[Haskell-cafe] Runtime strictness analysis for polymorphic HOFs?

Paul Chiusano paul.chiusano at gmail.com
Sun Jun 14 19:42:50 EDT 2009

I was recently trying to figure out if there was a way, at runtime, to do
better strictness analysis for polymorphic HOFs, for which the strictness of
some arguments might depend on the strictness of the strictness of function
types that are passed as arguments [1]. As an example, consider foldl. The
'seed' parameter of foldl can be made strict as long as the binary function
used for the fold is strict in its arguments. Unfortunately, because
strictness analysis is done statically, Haskell can't assume anything about
the strictness of the binary function - assuming we only compile one
instance of foldl, it must be the most conservative version possible, and
that means making the seed parameter lazy. :-(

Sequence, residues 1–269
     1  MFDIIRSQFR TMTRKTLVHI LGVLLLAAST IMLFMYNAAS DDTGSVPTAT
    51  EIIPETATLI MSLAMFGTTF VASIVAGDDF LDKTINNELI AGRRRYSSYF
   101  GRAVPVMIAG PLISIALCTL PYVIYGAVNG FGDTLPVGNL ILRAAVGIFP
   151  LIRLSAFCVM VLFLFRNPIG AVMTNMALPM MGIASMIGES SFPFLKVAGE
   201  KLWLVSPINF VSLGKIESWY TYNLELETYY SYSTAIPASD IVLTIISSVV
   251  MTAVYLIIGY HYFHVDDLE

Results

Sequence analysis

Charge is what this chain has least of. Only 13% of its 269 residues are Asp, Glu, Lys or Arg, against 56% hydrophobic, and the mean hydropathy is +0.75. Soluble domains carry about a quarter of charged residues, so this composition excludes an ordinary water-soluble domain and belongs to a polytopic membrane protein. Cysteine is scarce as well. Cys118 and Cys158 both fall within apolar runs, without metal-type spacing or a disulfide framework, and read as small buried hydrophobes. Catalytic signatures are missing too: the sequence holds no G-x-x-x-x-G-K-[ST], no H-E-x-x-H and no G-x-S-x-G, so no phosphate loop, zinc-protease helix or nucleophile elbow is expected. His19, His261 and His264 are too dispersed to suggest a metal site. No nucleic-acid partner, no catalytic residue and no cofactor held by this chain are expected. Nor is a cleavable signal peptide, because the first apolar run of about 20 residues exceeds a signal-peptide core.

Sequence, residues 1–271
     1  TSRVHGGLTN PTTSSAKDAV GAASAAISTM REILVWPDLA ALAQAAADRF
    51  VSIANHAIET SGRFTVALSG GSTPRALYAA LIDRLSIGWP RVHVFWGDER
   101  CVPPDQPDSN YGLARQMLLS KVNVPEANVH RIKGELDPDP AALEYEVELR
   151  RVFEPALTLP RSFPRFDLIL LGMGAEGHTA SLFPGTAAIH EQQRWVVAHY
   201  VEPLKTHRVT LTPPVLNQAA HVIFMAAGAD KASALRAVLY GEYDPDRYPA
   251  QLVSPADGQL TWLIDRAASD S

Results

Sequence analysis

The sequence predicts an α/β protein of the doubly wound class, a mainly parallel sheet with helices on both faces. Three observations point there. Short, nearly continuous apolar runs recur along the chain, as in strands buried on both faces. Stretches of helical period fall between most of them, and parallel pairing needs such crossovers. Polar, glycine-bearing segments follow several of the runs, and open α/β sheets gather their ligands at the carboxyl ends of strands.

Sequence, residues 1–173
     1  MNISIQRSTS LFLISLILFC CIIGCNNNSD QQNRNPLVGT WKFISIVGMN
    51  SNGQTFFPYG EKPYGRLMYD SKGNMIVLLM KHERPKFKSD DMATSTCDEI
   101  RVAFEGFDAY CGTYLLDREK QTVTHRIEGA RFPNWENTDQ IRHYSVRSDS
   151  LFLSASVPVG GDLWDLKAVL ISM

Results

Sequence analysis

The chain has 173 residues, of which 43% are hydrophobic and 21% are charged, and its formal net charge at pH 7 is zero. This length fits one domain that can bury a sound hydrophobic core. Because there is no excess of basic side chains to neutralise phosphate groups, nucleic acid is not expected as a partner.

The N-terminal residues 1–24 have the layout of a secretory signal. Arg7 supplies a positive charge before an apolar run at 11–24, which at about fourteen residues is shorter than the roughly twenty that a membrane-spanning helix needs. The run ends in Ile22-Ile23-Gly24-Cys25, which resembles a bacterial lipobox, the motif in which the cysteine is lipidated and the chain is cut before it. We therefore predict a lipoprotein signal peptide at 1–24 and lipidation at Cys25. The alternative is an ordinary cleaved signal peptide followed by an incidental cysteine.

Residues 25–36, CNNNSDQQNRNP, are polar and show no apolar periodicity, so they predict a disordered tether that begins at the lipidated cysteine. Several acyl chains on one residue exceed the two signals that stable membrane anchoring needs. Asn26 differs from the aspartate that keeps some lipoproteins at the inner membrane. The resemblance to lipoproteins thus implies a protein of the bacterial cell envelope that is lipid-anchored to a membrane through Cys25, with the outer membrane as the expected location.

I started thinking about ways you could to a check at runtime for this sort
of thing, something to the effect of asking foldl, before heap-allocating a
thunk for the seed parameter, whether that parameter could be made strict.
foldl could then inspect other arguments that have been supplied, and based
on these arguments, evaluate or go ahead with creating a thunk the seed
parameter. It's a runtime cost, sure, but would it be more than the cost of
having to do an additional heap allocation? In any case a small runtime cost
might be worth it if the analysis becomes more uniform.

So, my question is: does doing this sort of runtime analysis seem like a
horrible idea? Is it even possible? Has anyone tried this in the past? (So
far I haven't found anything, but would love references if people have

Note that I'm not suggesting Haskell should do anything like this. I'm
playing around with the ideas because I'm interesting in creating a lazy
language and I was hoping to have strictness analysis be very predictable
and uniform, something the programmer can count on and use to simply reason
about space usage ... which might be hopelessly unrealistic goal! I guess
the more general question is - is "perfect" strictness analysis (however
that is defined) possible, if we're willing to incur some runtime cost? What
would that look like?


More background on my thinking here - a bit half-baked, so bear with me!


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